Submitted to: Journal of Virology
Publication Type: Peer Reviewed Journal
Publication Acceptance Date: 7/30/2007
Publication Date: 10/30/2007
Citation: Balinsky, C.A., Delhon, G., Afonso, C.L., Risatti, G.R., Borca, M.V., French, R.A., Tulman, E.R., Geary, S.J., Rock, D.L. 2007. Sheeppox virus kelch-like gene SPPV-019 affects virus virulence. Journal of Virology. 81(20):11392-11401.
Interpretive Summary: Sheeppox virus (SPPV) causes a highly significant disease of sheep and is the model virus to study poxviruses of the genus Capripoxvirus, that include goatpox virus (GTPV) and lumpy skin disease virus (LSDV), which cause disease in goats and cattle, respectively. Due to their significant economic impact and potential for disease transmission, CaPV diseases are listed diseases by the World Organization for Animal Health (OIE). Among the genes affected in vaccine strains of CaPV were those with products similar to kelch-like proteins encoded by eukaryotes and other poxviruses. Kelch-like proteins are encoded by members of chordopoxviral genera Orthopoxvirus, Capripoxvirus, Leporipoxvirus, Suipoxvirus, and Yatapoxvirus, and by 15 unassigned deerpox viruses. Kelch-like genes have been shown to affect lesion size, inflammatory cell infiltration, or virulence suggesting a role for kelch-like genes in poxvirus virulence and host-range, perhaps through modulation of inflammatory responses. In this study, we examined the role of a kelch-like protein in sheep, the natural SPPV host. Our data indicate that sheeppox kelch-like genes markedly affects SPPV virulence following intranasal or intradermal virus inoculation and suggest that manipulation of this gene can be used for the rational design of live attenuated vaccine viruses.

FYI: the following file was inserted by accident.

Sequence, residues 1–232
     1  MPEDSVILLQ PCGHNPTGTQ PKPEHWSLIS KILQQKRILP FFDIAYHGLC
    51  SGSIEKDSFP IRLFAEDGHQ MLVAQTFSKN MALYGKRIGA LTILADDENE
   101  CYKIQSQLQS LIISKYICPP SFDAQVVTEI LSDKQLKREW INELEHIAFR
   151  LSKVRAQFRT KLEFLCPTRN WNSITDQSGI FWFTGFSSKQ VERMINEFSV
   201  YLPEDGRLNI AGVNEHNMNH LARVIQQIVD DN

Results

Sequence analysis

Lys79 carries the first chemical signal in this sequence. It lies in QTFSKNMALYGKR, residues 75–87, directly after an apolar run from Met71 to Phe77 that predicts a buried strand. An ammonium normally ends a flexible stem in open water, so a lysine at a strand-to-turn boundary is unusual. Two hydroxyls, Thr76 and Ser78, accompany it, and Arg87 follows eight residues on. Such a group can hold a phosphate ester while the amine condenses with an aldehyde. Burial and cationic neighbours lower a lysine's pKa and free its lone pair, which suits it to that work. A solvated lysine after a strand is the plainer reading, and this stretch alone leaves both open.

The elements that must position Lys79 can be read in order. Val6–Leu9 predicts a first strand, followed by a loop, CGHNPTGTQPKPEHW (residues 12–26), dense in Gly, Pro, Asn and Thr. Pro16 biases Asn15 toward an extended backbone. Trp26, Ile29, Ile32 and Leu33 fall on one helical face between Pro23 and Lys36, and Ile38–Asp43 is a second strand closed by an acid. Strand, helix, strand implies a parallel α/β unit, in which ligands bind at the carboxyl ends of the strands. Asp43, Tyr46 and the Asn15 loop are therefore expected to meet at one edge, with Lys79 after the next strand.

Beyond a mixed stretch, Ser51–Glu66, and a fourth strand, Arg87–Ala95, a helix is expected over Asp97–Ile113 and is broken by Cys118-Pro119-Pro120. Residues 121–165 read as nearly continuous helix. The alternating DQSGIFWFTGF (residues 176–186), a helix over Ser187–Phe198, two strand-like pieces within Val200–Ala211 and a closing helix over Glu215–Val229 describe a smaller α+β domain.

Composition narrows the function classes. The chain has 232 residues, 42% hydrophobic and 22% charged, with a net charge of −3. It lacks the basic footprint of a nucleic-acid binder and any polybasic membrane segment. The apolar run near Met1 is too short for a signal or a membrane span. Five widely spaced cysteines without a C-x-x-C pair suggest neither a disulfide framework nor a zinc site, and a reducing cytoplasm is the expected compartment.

Technical Abstract: Sheeppox virus (SPPV), a member of the Capripoxvirus genus of the Poxviridae, is the etiologic agent of a significant disease of sheep in the developing world. Genomic analysis of pathogenic and vaccine capripoxviruses identified genes with potential roles in virulence and host-range, including three genes with similarity to kelch-like genes of other poxviruses and eukaryotes. Here, a mutant SPPV with a deletion in the SPPV-019 kelch-like gene, KLP, was derived from the pathogenic strain SPPV-SA. KLP exhibited in vitro growth characteristics similar to those of SPPV-SA and revertant virus (RvKLP). KLP-infected cells exhibited a reduction in Ca++-independent cell adhesion, suggesting that SPPV-019 may modulate cellular adhesion. When inoculated in sheep by intranasal or intradermal routes, KLP was markedly attenuated, as all KLP-infected lambs survived infection. In contrast, SPPV-SA and RvKLP induced mortality approaching 100%. Lambs inoculated with KLP exhibited marked reduction or delay in fever response, gross lesions, viremia, and virus shedding compared with parental and 15 revertant viruses. Together, these findings indicate that SPPV-019 is a significant SPPV.